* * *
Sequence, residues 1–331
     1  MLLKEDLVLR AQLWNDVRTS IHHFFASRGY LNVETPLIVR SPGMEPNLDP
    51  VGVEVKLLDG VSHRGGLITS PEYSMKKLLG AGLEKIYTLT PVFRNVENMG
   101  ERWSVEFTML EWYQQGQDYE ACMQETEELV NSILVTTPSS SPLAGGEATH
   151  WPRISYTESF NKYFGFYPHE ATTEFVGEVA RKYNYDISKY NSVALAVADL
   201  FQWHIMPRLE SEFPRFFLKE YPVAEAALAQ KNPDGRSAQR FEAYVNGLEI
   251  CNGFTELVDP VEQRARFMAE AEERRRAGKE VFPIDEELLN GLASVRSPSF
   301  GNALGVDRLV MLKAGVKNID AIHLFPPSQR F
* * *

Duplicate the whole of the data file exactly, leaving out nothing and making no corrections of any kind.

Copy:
Sequence, residues 1–331
     1  MLLKEDLVLR AQLWNDVRTS IHHFFASRGY LNVETPLIVR SPGMEPNLDP
    51  VGVEVKLLDG VSHRGGLITS PEYSMKKLLG AGLEKIYTLT PVFRNVENMG
   101  ERWSVEFTML EWYQQGQDYE ACMQETEELV NSILVTTPSS SPLAGGEATH
   151  WPRISYTESF NKYFGFYPHE ATTEFVGEVA RKYNYDISKY NSVALAVADL
   201  FQWHIMPRLE SEFPRFFLKE YPVAEAALAQ KNPDGRSAQR FEAYVNGLEI
   251  CNGFTELVDP VEQRARFMAE AEERRRAGKE VFPIDEELLN GLASVRSPSF
   301  GNALGVDRLV MLKAGVKNID AIHLFPPSQR F